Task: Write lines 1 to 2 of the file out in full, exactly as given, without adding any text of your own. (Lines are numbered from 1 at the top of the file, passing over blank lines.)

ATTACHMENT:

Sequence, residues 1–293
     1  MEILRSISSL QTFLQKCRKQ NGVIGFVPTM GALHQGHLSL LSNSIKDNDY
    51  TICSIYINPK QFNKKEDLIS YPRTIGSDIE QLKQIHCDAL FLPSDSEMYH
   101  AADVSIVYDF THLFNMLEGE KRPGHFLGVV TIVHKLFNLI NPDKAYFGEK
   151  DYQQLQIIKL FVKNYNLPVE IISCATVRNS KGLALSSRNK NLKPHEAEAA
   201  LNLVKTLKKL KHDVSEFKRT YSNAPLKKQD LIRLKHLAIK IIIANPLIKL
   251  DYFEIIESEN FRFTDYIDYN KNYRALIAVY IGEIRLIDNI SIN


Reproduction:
Sequence, residues 1–293
     1  MEILRSISSL QTFLQKCRKQ NGVIGFVPTM GALHQGHLSL LSNSIKDNDY